ELC Calls On Legislature to Provide 5% Increase in State Formula Aid
In a statement to the Assembly and Senate Budget Committees, Education Law Center is calling on the Legislature to flatly reject Governor Christie’s proposal to provide almost no state aid increase for New Jersey school districts in the 2014-15 school year.
The Governor’s proposal marks the fifth straight year of his refusal to comply with the School Funding Reform Act (SFRA), New Jersey’s landmark weighted student formula enacted with bipartisan support in 2008, and upheld as constitutional by the NJ Supreme Court in 2009.
The Governor proposes to increase school aid by a mere $20 a student, and to allocate this paltry sum in off-formula categories. All aid under the SFRA is frozen at last year’s levels, including foundational equalization aid, special education aid, and transportation and security aid.
If the Governor’s proposal is enacted, districts would be faced with a fifth year of aid cuts or no real aid increase, triggering yet another round of painful cuts to teachers, support staff, intervention services and programs essential to ensuring students a thorough and efficient education.
The Governor’s miniscule aid increase comes against a backdrop of an Administration that has amassed a cumulative $5.1 billion under-funding of districts under the SFRA formula. And the Office of Legislative Services’ analysis of the Governor’s FY15 proposal confirms ELC data showing that, as a result of this massive under-funding, the aid levels in 80% of our school districts are below what they were in 2009-10, when the Governor took office. Statewide, districts are now more than $275 million below their state aid levels five years ago.
In addition, districts are now struggling to implement a host of new, unfunded mandates from the Department of Education, including teacher and principal evaluation systems, Common Core Standards, and the new PARCC tests.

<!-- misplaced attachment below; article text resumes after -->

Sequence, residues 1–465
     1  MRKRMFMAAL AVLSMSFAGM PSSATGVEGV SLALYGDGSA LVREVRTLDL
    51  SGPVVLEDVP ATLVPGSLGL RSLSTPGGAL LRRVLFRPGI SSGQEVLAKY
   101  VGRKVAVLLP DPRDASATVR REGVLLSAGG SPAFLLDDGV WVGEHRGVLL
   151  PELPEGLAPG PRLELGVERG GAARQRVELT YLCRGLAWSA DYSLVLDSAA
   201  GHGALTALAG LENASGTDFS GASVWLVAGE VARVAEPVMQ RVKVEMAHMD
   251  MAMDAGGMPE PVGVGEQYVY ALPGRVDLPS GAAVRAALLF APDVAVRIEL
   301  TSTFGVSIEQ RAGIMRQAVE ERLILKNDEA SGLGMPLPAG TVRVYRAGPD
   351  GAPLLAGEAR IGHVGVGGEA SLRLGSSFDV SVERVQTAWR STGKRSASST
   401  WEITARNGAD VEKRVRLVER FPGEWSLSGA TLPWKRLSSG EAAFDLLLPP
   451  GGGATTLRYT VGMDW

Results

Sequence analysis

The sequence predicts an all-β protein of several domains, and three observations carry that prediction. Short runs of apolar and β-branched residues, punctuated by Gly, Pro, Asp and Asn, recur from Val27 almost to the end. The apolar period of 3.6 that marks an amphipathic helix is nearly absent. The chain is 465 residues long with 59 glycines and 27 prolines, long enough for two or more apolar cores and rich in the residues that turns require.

Even more troubling, the Governor has failed to run the SFRA formula altogether. In effect, the Governor has abandoned the SFRA, issuing state aid notices to districts on February 25 that did not use the district’s weighted student enrollment, base cost and at-risk and bilingual pupil weights and other formula components. This failure leaves educators, parents and legislators without the requisite information on districts’ adequacy budgets and the gap between the Governor’s aid proposal and the level of funding they should be receiving under the SFRA formula’s cost, weights, aid amounts and other operative parts.
To address this growing crisis, ELC has called on the Legislature to revise the Budget as follows:
- Enact Assembly Concurrent Resolution No. 118 and Senate Concurrent Resolution 72. ACR 118 notifies the Governor to immediately run the SFRA formula with the proper adjustments, and notify each school district of the district’s adequacy budget and the maximum amount of aid payable to the district under the SFRA’s cost, weights and other parameters. These notices are not only required by law, but also a fundamental prerequisite for the Legislature to have an informed deliberation on the school aid budget for the 2014-15 school year.
- Increase K-12 state aid in all SFRA formula categories by at least 5%, or $370 million. This is the minimum amount necessary to stave off another round of cuts to staff, programs and services, and to chip away at the substantial current gap between district adequacy budgets and SFRA funding levels.
- Increase preschool education aid by 5% or $30 million. This increase must be expressly dedicated to the expansion of high quality preschool in high need universal and targeted districts in order to begin the phase-in of the Abbott preschool program statewide over the next five years.
“Quite frankly, four years of ignoring the SFRA and failing to provide even the most minimal of formula increases – and failing to fund preschool expansion – has been too long for our students to wait,” said David Sciarra, ELC Executive Director. “This level of underfunding is taking a toll on educators and schools and threatens our standing as among the top performers in public education in the states and in the world.”
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